Arguably the most thought-provoking tau results challenge the very dogma that has guided tau research for decades. The majority of tau research, both physiological and pathological, starts with the premise that tau is a stabilizer of MTs under physiological conditions and that upon pathological hyperphosphorylation, tau dissociates from MTs which compromises their stability and results in disassembly1,2,10. Normal axonal MTs consist of labile and stable domains24-26 with tau primarily decorating the former regions10,27. In contrast, MAP6 is predominantly on the stable domains of axonal MTs28,29. Upon depletion of tau in cultured rat neurons, labile MT domains were lost, while the stable domains increased. Furthermore, MAP6’s expression increases and its distribution on axonal MTs expands10,27. Conversely, loss of MAP6 increases the degree of lability in the labile MT domains and results in an increase in tau expression levels and its distribution along axonal MTs10,27. These findings were the basis for the conclusion that tau is in fact not a stabilizer of MTs but instead promotes the assembly of long labile domains and prevents MAP6-mediated stabilization, conferring flexibility to MTs10,27.

 

Summary

 

Despite tau’s discovery decades ago and its central role in tauopathies, much remains to be discovered about how tau regulates MT structure, function, and binding to other MAPs in healthy and diseased neurons. This dearth of knowledge likely extends beyond tau to other MAPs. To assist researchers in studies of MT and MAP functions and interactions, Cytoskeleton offers tubulin polymerization and binding assay kits, MT live cell imaging probes, purified tubulins, and Signal-Seeker Enrichment kits which allow detection and measurement of endogenous levels of various post-translational modifications – all of which target tubulin and MTs.   

References

1. Iqbal K. et al. 2016. Tau and neurodegenerative disease: the story so far. Nat. Rev. Neurol. 12, 15-27.

2. Gao Y.-L. et al. 2018. Tau in neurodegenerative disease. Ann. Transl. Med. 6, 175.

3. Weingarten M.D. et al. 1975. A protein factor essential for microtubule assembly. Proc. Natl. Acad. Sci. USA. 72, 1858-1862.

4. Cleveland D.W. et al. 1977a. Purification of tau, a microtubule-associated protein that induces assembly of microtubules from purified tubulin. J. Mol. Biol. 116, 207-225.

5. Cleveland D.W. et al. 1977b. Physical and chemical properties of purified tau factor and the role of tau in microtubule assembly. J. Mol. Biol. 116, 227-247.

6. Kanai Y. et al. 1989. Expression of multiple tau isoforms and microtubule bundle formation in fibroblasts transfected with a single tau cDNA. J. Cell Biol. 109, 1173-1184.

7. Scott C.W. et al. 1992. Tau protein induces bundling of microtubules in vitro: comparison of different tau isoforms and a tau protein fragment. J. Neurosci. Res. 33, 19-29.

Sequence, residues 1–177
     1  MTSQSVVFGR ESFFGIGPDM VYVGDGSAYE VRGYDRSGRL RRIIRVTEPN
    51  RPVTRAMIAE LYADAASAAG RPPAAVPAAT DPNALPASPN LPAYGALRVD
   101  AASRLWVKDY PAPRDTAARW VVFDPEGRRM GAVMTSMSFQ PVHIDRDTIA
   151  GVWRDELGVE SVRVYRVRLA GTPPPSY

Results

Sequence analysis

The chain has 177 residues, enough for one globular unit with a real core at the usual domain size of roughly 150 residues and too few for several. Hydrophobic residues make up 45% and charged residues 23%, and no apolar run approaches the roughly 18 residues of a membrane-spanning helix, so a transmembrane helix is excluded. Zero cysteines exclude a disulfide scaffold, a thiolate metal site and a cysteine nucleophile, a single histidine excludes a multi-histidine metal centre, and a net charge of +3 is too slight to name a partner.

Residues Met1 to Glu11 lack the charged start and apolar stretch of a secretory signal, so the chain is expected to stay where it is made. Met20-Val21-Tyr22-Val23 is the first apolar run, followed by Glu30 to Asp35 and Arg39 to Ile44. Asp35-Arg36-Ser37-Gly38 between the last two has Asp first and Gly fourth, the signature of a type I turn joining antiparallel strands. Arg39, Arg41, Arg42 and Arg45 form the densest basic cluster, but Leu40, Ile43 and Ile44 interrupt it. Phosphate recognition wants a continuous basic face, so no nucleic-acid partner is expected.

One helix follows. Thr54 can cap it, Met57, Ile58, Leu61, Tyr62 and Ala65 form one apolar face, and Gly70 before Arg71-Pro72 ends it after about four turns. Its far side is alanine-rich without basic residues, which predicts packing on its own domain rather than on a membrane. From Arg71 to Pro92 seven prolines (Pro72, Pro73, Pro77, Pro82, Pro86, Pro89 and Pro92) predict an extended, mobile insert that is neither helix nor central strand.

8. Barlow S. et al. 1994. Stable expression of heterologous microtubule-associated proteins (MAPs) in Chinese hamster ovary cells: evidence for differing roles of MAPs in microtubule organization. J. Cell Biol. 126, 1017-1029.

9. Bodakuntla S. et al. 2019. Microtubule-associated proteins: Structuring the cytoskeleton. Trends Cell Biol. 29, 804-819.

10. Baas P.W. and Qiang L. 2019. Tau: It’s not what you think. Trends. Cell Biol. 29, 452-461.

11. Nogales E. 2016. The development of cryo-EM into a mainstream structural biology technique. Nat. Methods. 13, 24-27.

12. Kellogg E.H. et al. 2018. Near-atomic model of microtubule-tau interactions. Science. 360, 1242-1246.

13. Janning D. et al. 2014. Single-molecule tracking of tau reveals fast kiss-and-hop interaction with microtubules in living neurons. Mol. Biol. Cell. 25, 3541-3551.

14. Konzack S. et al. 2007. Swimming against the tide: mobility of the microtubule-associated protein tau in neurons. J. Neurosci. 27, 9916-9927.

15. Monroy B.Y. et al. 2018. Competition between microtubule-associated proteins directs motor transport. Nat. Commun. 9, 1487.

16. Siahaan V. et al. 2019. Kinetically distinct phases of tau on microtubules regulate kinesin motors and severing enzymes. Nat. Cell Biol. 21, 1086-1092.

17. Tan R. et al. 2019. Microtubules gate tau condensation to spatially regulate microtubule functions. Nat. Cell Biol. 21, 1078-1085.

18. Dixit R. et al. 2008. Differential regulation of dynein and kinesin motor proteins by tau. Science. 319, 1086-1089.

19. Ebneth A. et al. 1998. Overexpression of tau protein inhibits kinesin-dependent trafficking of vesicles, mitochondria, and endoplasmic reticulum: implications for Alzheimer’s disease. J. Cell Biol. 143, 777-794.

20. Trinczek B. et al. 1999. Tau regulates the attachment/detachment but not the speed of motors in microtubule-dependent transport of single vesicles and organelles. J. Cell Sci. 112, 2355-2367.

21. Seitz A. et al. 2002. Single-molecule investigation of the interference between kinesin, tau and MAP2c. EMBO J. 21, 4896-4905.

22. Vershinin M. et al. 2007. Multiple motor based transport and its regulation by Tau. Proc. Natl. Acad. Sci. USA. 104, 87-92.

23. Yuan A. et al. 2008. Axonal transport rates in vivo are unaffected by tau deletion or overexpression in mice. J. Neurosci. 28, 1682-1687.

24. Baas P.W. and Black M.M. 1990. Individual microtubules in the axon consist of domains that differ in both composition and stability. J. Cell Biol. 111, 495-509.

25. Baas P.W. et al. 1991. Microtubule dynamics in axons and dendrites. J. Neurosci. Res. 30, 134-153.

26. Brown A. et al. 1993. Composite microtubules of the axon: quantitative analysis of tyrosinated and acetylated tubulin along individual axonal microtubules. J. Cell Sci. 104, 339-352.

27. Qiang L. et al. 2018. Tau does not stabilize axonal microtubules but rather enables them to have long labile domains. Curr. Biol. 28, 2181-2189.

28. Slaughter T. and Black M.M. 2003. STOP (stable-tubule-only-polypeptide) is preferentially associated with the stable domain of axonal microtubules. J. Neurocytol. 32, 399-413.

29. Tortosa E. et al. 2017. Dynamic palmitoylation targets MAP6 to the axon to promote microtubule stabilization during neuronal polarization. Neuron. 94, 809-825.